Is Your Home Ready for Emergencies?
Powerful Patient, 2009 Week 24
Host: Joyce Graff, http://powerfulpatient.org, firstname.lastname@example.org 800-767-4845
Officer Casey Hatchett, Brookline Police Department and Dawn Sibor, Brookline Health Department will discuss the importance of preparing for emergencies at home. Casey and Dawn will provide listeners with information and resources that will assist people to prepare for all types of emergencies. They will also talk about the volunteer opportunities available for people who are interested in helping their communities in time of emergency and throughout the year.
Dawn Sibor and the Medical Reserve Corps (MRC)
Dawn Sibor is the Emergency Preparedness Coordinator for the Health Department of the Town of Brookline, Massachusetts. Her office is part of the national civilian volunteers program: Medical Reserve Corps program, http://www.medicalreservecorps.gov
The mission of the Medical Reserve Corps (MRC) is to improve the health and safety of communities across the country by organizing and utilizing public health, medical and other volunteers. Health professionals, chaplains, as well as caring neighbors volunteer their time to assist in an emergency.
About Casey Hatchett and the Community
Emergency Response Team (CERT)
Officer Casey Hatchett of the Brookline Police Force coordinates the Community Emergency Response Team (CERT) of the Town of Brookline. This program too is a part of a national program of preparedness, part of the Homeland Security program.
The Community Emergency Response Team (CERT) Program educates people about disaster preparedness for hazards that may impact their area and trains them in basic disaster response skills, such as fire safety, light search and rescue, team organization, and disaster medical operations. Using the training learned in the classroom and during exercises, CERT members can assist others in their neighborhood or workplace following an event when professional responders are not immediately available to help. CERT members also are encouraged to support emergency response agencies by taking a more active role in emergency preparedness projects in their community.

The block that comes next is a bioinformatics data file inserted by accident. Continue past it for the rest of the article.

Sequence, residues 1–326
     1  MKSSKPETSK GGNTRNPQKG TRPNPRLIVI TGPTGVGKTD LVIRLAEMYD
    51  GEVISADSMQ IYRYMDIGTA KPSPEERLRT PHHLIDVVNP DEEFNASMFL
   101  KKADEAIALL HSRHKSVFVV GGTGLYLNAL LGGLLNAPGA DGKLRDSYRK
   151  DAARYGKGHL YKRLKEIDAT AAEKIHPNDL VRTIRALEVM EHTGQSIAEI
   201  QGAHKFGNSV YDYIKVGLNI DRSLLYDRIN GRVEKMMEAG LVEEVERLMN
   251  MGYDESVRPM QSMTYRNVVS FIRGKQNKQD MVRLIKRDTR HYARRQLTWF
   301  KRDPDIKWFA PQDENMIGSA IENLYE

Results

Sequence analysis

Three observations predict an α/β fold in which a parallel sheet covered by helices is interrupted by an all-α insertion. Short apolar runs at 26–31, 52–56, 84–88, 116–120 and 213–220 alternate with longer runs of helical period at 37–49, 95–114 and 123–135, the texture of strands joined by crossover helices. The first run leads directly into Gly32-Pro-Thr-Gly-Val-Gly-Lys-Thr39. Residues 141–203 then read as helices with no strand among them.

About Resources in your own community
Whether you become a volunteer with one of these programs or not, they are valuable resources that you should explore to determine what is available in your community to help you and others.
If you are concerned that you might have special needs in an emergency, you should explore what is available in your own community and sign up to receive necessary services.
The Fire department has a computerized list of people who may need help evacuating a building in case of fire. Anyone with a mobility issue should be on their list. In case of fire, they will know that there is someone inside who may not be able to get out by themselves, or who may not be able to hear a fire alarm.
Ask how your town communicates with people in an emergency. Is there a “reverse 911” implementation in your community, where the community will telephone everyone? What if you can’t hear the phone or respond to the call? Your community organizers have likely throught of this and have a plan that you should know about.
Think what you might need if the power were out for several days (as it was in Central Massachusetts in the winter of 2008-09), or if the gas service were out for several days, or if you did not have water or some other essential service. What if you had to live elsewhere for a week, what would you need to take with you? Where is all that stuff located? Perhaps you need to keep it handier, so you could grab thing as you go out the door.
The “Go” Kit
Just as expectant mothers prepare a bag to grab on the way to the hospital, pre-packed with essentials, so too you might consider having a “Go Kit” of essentials that you could grab on the way out the door. The first thing people usually need are their medications. Do you have a supply already packed into a daily organizer that you could grab quickly? Do you have a list of the medications you take? Is it up to date?
Medical Data and Essential Contacts
All first responders (police, fire, ambulance crews) are trained to look on the refrigerator. An inexpensive magnet pouch you can get to assemble the essential medical and contact information and put it on the refrigerator door. These are often free from your own police or fire department, or from http://www.folife.org/
If you have more extensive medical information that you want to convey to emergency room personnel, you might also wish to prepare something like an EmergenTag, which would be helpful once you get to the hospital. See http://powerfulpatient.org/archive/2009/emergentag.php